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Follow the Spiral: ADHD and Creativity

It's time to get ready to leave the house! I know exactly what I want to wear...but where's the top? I swear I just put my hands on it yesterday! Wasn't it in my drawer? Ooo! I just found that headband I've been looking for for weeks! But where's the top? Do I need to come up with a backup plan? Oh, there's the top! Okay, where did I put my phone down to look for my top? Ugh, I'm so tired of looking for my phone all the time. Did I say I would put it in this basket? That's what I'll do when I get home, but where is my phone now? Oh! let me grab my purse really quick. Oh, there's my new chapstick I thought fell out of the shopping bag last week! Courtney, your phone! Where is it? Oh yeah, I have the phone finder on my Apple Watch! There it is, and now I remember when I put it down. Okay, let's go... Wait, the keys!


If you have a loved one with ADHD, or you experience it yourself, you may recognize the above scenario. I experience this almost every time I leave the house, and usually when I'm transitioning from one activity or place to another, regardless of whether or not I'm medicated. I like to call it the ADHD Spiral. It's not a spiral out of control. Rather, it is a spiral of attention. I start with the necessity of movement, I need to move from one place or activity to another. This means I have to stop what I'm doing. If I am doing something mindless, like scrolling on social media or playing a game, I'm forced to re-engage so that I can disengage. Then I attend to my body, checking to see if I need clothes, food, or a bathroom visit. Typically I go back to where I'm trying to transition from between each step, so I get dressed then stand by my phone again or take a lap around the house to remember what the next step is. This happens throughout the entire process. Then, touching the doorknob ignites reminders for shoes and keys — taking two more laps before finally getting into the car to leave. This is the spiral! Throughout the entire process, I may also start a load of laundry, gather dirty towels or dishes, or generally fuss at cluttered piles. Others may get fussed at for their piles. Others may be accused of moving or neglecting things I'm noticing during my various laps. And, sometimes, inspiration strikes and I am able to share a moment or idea with my spouse, or write it down on my tablet.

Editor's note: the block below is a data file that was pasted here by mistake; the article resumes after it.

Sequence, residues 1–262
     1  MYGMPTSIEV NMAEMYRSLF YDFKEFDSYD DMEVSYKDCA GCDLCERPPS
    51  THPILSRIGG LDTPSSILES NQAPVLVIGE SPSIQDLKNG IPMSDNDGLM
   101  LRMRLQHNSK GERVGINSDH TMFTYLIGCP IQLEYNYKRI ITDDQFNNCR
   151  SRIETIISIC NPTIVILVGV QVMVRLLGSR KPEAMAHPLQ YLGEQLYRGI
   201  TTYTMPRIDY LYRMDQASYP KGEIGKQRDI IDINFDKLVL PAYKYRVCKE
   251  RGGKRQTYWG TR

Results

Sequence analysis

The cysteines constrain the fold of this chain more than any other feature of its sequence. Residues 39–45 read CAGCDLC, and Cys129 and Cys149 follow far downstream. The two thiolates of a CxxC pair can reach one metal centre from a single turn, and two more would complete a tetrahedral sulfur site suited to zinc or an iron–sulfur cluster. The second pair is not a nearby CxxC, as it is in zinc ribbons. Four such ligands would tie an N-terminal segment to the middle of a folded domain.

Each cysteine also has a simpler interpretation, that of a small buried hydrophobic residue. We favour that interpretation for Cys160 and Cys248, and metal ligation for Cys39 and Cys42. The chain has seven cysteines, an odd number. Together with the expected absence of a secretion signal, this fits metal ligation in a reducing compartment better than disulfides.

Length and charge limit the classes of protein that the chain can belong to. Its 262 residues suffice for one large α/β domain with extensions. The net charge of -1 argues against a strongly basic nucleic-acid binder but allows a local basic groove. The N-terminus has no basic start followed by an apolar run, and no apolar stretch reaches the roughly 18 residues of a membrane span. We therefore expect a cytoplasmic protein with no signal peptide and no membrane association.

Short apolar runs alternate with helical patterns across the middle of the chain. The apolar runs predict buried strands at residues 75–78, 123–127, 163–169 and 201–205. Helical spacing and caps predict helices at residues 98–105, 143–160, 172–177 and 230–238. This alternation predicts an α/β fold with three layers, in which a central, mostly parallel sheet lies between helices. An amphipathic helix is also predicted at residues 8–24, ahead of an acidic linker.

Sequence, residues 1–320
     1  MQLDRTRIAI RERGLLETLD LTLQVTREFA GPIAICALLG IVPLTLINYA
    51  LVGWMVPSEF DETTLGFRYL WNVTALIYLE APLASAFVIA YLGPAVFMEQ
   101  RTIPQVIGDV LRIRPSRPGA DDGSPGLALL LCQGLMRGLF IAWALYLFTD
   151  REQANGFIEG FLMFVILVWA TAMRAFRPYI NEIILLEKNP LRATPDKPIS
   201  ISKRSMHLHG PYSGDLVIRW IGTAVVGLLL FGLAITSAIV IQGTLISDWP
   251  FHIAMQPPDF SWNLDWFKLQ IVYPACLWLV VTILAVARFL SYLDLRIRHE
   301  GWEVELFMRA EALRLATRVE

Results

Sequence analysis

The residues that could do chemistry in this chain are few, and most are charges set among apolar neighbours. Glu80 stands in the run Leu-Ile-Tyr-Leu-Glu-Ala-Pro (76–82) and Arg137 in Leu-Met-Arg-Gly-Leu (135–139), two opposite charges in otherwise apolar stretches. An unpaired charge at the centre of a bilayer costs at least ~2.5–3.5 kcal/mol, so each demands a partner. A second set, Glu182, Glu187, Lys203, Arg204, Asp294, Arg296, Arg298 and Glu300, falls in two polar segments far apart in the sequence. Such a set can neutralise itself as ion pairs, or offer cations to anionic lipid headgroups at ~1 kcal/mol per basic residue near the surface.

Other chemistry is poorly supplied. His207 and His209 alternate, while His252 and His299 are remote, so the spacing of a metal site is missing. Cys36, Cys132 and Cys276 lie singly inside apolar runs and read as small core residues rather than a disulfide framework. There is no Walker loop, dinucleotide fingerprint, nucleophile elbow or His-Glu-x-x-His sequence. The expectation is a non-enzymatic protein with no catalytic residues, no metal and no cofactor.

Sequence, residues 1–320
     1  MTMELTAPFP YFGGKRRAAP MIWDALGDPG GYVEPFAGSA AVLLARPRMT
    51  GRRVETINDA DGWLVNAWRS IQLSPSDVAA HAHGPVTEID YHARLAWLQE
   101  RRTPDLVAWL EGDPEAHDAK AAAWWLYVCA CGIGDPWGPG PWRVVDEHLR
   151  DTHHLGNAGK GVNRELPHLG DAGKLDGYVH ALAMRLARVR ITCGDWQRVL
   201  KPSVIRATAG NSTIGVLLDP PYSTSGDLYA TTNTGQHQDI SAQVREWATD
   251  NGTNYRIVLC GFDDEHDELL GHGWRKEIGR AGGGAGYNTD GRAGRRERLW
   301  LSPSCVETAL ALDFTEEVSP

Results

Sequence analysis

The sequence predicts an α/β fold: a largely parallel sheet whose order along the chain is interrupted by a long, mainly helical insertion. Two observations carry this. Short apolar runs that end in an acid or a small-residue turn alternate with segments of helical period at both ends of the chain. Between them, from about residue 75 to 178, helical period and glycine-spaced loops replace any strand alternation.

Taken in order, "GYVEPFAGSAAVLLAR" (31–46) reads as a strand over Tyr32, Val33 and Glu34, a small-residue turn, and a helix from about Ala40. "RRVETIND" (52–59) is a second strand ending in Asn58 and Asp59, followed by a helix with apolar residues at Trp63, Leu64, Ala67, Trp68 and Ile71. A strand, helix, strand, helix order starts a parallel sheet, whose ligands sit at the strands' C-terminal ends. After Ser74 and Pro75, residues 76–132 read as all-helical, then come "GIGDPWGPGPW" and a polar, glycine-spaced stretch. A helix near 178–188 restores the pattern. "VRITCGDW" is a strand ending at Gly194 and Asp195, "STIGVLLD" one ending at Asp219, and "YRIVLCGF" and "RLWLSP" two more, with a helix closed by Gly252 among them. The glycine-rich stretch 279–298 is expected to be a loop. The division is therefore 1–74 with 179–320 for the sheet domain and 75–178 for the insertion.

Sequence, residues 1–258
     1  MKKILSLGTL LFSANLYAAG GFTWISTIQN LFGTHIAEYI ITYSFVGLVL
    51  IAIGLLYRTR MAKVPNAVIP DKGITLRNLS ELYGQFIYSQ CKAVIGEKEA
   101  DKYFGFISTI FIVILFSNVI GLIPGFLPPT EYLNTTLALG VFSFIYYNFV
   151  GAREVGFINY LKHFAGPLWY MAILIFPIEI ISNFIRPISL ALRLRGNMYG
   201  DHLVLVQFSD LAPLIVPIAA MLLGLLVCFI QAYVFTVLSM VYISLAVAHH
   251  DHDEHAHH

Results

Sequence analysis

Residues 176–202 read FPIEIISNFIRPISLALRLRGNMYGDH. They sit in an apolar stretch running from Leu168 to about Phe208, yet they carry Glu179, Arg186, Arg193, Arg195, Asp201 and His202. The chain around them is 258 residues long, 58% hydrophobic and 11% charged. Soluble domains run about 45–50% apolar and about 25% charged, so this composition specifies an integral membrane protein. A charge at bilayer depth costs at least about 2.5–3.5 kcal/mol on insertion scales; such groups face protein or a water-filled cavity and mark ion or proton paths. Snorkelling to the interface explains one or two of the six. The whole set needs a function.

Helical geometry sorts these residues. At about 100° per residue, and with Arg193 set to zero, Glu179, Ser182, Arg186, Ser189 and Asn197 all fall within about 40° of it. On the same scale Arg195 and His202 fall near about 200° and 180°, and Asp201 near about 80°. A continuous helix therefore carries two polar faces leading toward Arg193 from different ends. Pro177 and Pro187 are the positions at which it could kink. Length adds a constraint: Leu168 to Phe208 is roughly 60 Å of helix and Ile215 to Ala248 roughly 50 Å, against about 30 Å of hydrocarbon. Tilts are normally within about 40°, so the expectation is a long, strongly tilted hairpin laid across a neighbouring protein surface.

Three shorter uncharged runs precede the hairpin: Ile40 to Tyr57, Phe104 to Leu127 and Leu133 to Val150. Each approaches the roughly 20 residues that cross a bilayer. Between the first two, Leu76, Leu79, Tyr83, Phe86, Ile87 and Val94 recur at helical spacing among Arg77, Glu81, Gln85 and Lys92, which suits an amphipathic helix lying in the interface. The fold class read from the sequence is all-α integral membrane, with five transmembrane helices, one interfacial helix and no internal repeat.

I recently listened to an episode of the Ezra Klein show that really spoke to me. In the episode entitled "Why Adults Lose the Beginner's Mind," author and professor Alison Gopnik explains that scientists have discovered humans can experience various types of consciousness based on their research on how children think. The two main consciousness categories Klein and Gopnik discuss are spotlight consciousness (or attention), and lantern consciousness. According to psychology, most neurotypical adults function inside of a spotlight consciousness, the practice of paying one's full attention to one thing at a time. This is considered the superior mind state for learning in our society. The child's mind state is lantern consciousness, diffusing their attention across their environment and learning from it collectively. Sociology has a similar concept to lantern consciousness in their practice — the beginner's mind. The beginner's mind approaches life in a way that allows the environment (whether familiar or novel) to define itself, instead of imposing its norms and beliefs onto the situation.


Though adults and children are wired to gravitate towards one type of consciousness over another, they are both available to humans regardless of age. There is also an argument that some neurodivergent adults — like those with ADHD or sensory processing issues — live with a predominance towards lantern consciousness throughout life.


I liken my ADHD Spiral to having lantern consciousness or a beginner's mind. My ability to see people and places for what they are, and to be enamored by it every single time, is something I truly love about myself. My mind is filled with questions and observations every minute of the day, even if I don't leave my house. Yes, everything takes longer with a beginner's mind (just picture walking with a toddler through your neighborhood), but what I am privileged to notice, discover, and witness in this life, and the creative connections that are made among the stacks of data accumulated, is my joy. It's why I write. It's why I love art. It's why I love stories. When I embrace the spiral instead of getting frustrated that I don't move with more regulated attentiveness, I find endless inspiration and all kinds of ordinary beauty. This is my creative gait. This is the path I've been blessed to walk. It is, without a doubt, a blessing.

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